This letter, as a request for payment, in reality is a reflection about Unaipon’s source of income, although it is ignored by commentators. Why? It does nothing to help to airbrush an occurrence which is unpalatable to a later generation that is calling for repatriation of the remains, blaming their removal on insensitive whitefellas. I have kept an article reprinted from the Observer in 2009, when the Ngarrindjeri-born clown, Major Sumner, says he’s been repatriating his people’s remains from all over the world for decades and has returned people to the country of his father (Ngarrindjeri) and now his mother (Kaurna). Major Sumner stands out with his curious body painting, kangaroo bone through nose and emu feather crown. I would like to know where the ochre pot he uses for his distinctly coloured lines is located.  As for the clown role, that is seen in very many civilisations as a serious foil testing reality.

I am not sure about Major Sumner, who is variously labelled as being an OAM, AM and AO. I always am wary of creeping self–aggrandisement, when it appears that there is only proof of OAM. Such a confusion of post-nominals is in itself trivial but inflated curricula vitae always make me suspicious.

Major Sumner

Major Sumner is reported as saying “It’s draining and it takes it out of you. But it makes you feel good that you’re doing it. What really got me was we were sitting down there and then you will get one of the old people’s remains – and we are not just talking about old people. These are little children. Little babies. Their remains.

“Why did they die – how did they die? They’d never seen life yet … we don’t know why. But it makes you feel very, very sad for them – for their spirit. It affects me because I’ve got a lot of grandchildren and I’d hate that to happen to my grandchildren.”

I wonder what David Unaipon would have replied to this jumble, given that reference is made to him in The Conquest of the Narrindjeri, David Jenkins’ book. This book was given to us by Henry Rankin OAM, a major elder in the Raukkan Community, just before Christmas 2000.

In this book, there is a generally positive view of David Unaipon and his creativity. For instance, he was issued with nineteen patents across his life, none which were proceeded with because of lack of finance. Even the invention of the mechanical sheep shears which appears on $50 note was a matter of dispute, where he seems to have been initially “dudded”. But then that was the story of Unaipon’s life. He was “always short of a quid”.  Sound familiar?

Incidentally in this book, there is no mention of his skull retrieval activities. The Aboriginal airbrush is brought out to smooth over the sand, and leave history to recollection, a selective process. The lesson is that we must always own up to the trail of detritus we leave, even if the climate changes.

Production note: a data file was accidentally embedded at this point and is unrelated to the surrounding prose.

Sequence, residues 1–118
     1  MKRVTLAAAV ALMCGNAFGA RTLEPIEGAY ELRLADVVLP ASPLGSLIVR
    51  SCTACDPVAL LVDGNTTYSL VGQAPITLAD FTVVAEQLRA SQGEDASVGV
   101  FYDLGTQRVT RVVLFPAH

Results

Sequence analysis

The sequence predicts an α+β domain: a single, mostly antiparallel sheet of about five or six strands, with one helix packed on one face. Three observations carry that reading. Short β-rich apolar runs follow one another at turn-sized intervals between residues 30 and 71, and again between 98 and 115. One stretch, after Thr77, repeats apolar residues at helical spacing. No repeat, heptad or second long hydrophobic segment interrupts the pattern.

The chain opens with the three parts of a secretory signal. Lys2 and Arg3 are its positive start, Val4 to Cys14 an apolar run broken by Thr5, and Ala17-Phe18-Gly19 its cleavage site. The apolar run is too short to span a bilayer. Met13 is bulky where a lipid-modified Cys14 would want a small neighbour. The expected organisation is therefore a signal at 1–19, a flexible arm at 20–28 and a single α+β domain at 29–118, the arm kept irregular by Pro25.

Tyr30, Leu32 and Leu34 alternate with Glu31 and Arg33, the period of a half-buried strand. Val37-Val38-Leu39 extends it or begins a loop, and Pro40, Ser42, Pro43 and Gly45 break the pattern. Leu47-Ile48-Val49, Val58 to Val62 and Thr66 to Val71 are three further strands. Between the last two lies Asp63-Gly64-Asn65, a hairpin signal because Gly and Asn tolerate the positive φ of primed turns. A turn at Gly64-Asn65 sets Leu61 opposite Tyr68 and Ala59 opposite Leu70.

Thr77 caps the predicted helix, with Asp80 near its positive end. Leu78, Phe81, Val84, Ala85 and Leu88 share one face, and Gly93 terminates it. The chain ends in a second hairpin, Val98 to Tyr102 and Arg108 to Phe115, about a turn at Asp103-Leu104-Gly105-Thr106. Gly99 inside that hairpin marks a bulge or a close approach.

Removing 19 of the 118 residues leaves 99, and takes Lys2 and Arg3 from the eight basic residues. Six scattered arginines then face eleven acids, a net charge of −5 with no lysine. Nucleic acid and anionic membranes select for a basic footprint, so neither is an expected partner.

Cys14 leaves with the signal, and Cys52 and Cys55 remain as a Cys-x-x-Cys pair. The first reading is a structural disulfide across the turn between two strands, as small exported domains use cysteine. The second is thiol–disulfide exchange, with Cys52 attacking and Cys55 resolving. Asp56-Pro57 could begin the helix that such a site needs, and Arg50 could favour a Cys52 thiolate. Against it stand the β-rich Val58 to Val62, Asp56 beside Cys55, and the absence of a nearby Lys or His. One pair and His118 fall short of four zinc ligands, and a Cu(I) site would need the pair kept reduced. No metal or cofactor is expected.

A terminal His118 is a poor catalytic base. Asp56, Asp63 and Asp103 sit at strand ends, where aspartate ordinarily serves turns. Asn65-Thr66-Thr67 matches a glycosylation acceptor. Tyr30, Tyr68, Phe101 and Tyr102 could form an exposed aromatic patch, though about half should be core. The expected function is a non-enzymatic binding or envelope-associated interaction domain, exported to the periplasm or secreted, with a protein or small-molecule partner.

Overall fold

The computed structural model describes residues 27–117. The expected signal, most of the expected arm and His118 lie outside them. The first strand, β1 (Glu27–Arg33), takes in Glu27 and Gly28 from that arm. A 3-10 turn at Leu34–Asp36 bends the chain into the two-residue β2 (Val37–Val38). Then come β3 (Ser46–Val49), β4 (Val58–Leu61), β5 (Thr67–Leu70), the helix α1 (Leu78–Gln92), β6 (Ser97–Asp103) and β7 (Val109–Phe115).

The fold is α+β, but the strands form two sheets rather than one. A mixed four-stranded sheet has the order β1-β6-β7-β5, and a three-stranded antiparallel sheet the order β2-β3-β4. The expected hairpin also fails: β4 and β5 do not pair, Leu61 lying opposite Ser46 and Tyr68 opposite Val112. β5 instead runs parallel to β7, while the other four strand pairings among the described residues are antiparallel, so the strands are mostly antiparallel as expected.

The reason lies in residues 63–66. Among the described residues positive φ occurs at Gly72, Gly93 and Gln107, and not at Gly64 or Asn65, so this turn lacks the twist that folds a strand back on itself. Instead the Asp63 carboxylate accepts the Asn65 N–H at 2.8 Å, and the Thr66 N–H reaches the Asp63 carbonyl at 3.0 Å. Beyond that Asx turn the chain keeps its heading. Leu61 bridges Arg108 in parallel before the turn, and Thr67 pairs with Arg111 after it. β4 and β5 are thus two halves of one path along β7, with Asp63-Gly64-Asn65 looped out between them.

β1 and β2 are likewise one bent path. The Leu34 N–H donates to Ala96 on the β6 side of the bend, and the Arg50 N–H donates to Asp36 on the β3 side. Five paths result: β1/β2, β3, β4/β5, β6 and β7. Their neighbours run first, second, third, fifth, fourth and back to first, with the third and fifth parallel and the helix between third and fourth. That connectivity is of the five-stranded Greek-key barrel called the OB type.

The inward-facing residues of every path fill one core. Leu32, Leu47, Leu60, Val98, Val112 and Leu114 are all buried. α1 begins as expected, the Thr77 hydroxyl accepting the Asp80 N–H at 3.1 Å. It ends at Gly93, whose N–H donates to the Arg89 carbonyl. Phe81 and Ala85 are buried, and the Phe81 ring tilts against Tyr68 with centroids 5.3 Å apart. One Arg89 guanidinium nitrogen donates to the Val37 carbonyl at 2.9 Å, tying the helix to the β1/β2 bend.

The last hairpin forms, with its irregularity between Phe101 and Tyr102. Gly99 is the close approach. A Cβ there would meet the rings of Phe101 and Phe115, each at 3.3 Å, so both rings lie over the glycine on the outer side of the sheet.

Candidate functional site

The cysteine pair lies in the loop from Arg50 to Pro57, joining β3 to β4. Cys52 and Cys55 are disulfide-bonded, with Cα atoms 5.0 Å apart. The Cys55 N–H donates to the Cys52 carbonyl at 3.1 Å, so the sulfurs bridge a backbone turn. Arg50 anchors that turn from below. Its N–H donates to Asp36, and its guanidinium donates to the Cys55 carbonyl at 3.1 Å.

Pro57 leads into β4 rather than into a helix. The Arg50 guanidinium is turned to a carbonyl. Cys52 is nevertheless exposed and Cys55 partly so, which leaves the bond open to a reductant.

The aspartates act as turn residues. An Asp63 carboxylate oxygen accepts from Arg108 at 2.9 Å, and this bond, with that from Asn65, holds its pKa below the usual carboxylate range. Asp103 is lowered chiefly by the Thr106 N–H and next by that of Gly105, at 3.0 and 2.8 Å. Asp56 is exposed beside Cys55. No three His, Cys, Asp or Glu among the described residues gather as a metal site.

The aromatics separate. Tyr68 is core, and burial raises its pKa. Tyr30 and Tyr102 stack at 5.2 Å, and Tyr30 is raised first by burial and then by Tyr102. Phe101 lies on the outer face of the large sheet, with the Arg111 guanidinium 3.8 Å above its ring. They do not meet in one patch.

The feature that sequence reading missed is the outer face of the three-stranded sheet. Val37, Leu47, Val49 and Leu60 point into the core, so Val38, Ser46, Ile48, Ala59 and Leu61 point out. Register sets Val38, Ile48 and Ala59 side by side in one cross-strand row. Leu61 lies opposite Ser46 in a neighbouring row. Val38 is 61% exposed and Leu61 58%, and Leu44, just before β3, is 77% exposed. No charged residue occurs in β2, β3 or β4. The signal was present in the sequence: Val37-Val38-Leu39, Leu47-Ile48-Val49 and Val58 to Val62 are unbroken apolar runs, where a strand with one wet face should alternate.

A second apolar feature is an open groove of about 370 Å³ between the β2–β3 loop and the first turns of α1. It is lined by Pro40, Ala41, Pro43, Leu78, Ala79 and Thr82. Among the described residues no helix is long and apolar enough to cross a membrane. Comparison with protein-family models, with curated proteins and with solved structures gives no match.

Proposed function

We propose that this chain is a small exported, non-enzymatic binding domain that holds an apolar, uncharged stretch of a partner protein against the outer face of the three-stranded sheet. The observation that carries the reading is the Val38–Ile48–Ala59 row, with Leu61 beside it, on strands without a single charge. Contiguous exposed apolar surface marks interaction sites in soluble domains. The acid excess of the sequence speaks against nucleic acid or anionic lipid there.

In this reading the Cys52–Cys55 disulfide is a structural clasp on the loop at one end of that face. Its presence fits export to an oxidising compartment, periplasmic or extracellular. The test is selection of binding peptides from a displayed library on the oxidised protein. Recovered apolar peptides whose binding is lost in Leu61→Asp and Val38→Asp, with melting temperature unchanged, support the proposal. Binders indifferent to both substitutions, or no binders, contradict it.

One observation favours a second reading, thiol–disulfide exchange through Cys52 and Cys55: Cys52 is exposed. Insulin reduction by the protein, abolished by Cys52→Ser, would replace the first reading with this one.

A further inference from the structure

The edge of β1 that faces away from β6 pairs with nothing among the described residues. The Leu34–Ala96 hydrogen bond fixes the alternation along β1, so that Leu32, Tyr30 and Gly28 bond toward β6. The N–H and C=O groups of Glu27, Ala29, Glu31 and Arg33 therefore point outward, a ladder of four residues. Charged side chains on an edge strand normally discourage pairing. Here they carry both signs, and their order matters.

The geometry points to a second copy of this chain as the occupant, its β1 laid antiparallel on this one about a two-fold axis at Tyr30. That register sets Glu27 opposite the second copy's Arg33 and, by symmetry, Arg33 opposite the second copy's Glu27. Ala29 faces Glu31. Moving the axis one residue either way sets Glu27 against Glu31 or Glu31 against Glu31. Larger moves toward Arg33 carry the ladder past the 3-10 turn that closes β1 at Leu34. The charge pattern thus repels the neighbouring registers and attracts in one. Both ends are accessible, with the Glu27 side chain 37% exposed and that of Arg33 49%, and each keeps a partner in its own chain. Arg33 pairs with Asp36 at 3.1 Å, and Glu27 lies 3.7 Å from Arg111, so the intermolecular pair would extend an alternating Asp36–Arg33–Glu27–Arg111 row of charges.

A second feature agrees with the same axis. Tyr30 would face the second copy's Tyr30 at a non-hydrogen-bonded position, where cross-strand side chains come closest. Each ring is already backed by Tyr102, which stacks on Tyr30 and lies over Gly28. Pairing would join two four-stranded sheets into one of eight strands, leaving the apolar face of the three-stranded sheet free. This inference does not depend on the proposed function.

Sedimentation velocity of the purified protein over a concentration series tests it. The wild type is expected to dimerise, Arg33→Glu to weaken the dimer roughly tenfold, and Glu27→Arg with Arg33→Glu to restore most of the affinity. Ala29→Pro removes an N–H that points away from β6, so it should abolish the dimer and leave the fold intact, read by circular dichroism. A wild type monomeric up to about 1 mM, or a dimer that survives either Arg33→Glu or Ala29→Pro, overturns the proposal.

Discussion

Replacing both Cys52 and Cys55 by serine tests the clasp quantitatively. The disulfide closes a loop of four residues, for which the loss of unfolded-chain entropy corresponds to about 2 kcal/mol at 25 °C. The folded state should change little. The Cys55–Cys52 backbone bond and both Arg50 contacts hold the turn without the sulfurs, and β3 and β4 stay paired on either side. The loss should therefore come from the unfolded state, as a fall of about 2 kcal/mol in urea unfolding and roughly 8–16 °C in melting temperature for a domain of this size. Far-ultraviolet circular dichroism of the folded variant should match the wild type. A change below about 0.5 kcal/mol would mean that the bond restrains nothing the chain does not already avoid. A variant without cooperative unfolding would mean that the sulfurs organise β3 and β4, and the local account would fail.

Death in The Family

I left the Australian Medical Association (AMA) in 1984 after five years working there. One area I had an interest in was the AMA/ACHS Peer Resource Centre. When I had joined the staff of the AMA, the then President of the AMA, Lionel Wilson had drawn me aside and asked if I would become the AMA expert on peer review and all the accompanying catechism, which surrounded the challenge for the medical profession to improve and maintain the quality of health care.

I was leaving the AMA, and my going-away present was an olive tree which I named after a colleague of mine. His first name was Brian, and at the presentation of the olive tree, it was thus labelled. Brian was a small tree in a pot when he was presented to me.  As he grew, the pots got bigger. Nevertheless, Brian was decorative but at no stage did he produce any olives. He just sat stoically by the back door, where he probably could have done with some sun.

However, he remained a dwarf until on my wife’s birthday back in 1987, when we moved into our new house. This was a fateful day for Brian. He was then planted on the grass verge outside the house.  From there, freed from the constraints of the pot, he flourished. He quickly passed through adolescence to become a full grown tree. His branches spread outwards so inter alia they were vulnerable to cars parking next to him, damaging him. To compensate, he would have a prune from time to time.

Then the olives began to arrive annually, and we harvested up to five kgs. The first harvest was not properly processed, despite following a plan of changing the water while increasing the brining. Some of our subsequent harvests were taken but since Brian was in the street, we had no grounds to object.

When first picked from trees like Brian, olives are very bitter and have an astringent flavour. This is mostly due to the oleuropein in the olives. Oleuropein is a bitter compound that likely helps protect the olives while growing. The passing parade of school students learnt an early lesson about olives, picked them on the way to or from school, which was just around the corner and spitting them out.